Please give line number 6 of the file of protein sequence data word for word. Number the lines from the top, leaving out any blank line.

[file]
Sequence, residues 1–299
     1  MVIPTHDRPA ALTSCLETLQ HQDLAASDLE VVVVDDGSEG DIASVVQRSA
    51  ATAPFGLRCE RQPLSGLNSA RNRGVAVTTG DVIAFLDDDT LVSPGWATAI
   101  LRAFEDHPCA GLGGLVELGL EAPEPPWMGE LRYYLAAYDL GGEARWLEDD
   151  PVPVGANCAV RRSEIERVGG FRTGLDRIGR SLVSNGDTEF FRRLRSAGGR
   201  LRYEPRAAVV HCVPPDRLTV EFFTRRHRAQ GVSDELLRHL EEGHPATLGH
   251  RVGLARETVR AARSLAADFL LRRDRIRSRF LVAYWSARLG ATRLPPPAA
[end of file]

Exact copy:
   201  LRYEPRAAVV HCVPPDRLTV EFFTRRHRAQ GVSDELLRHL EEGHPATLGH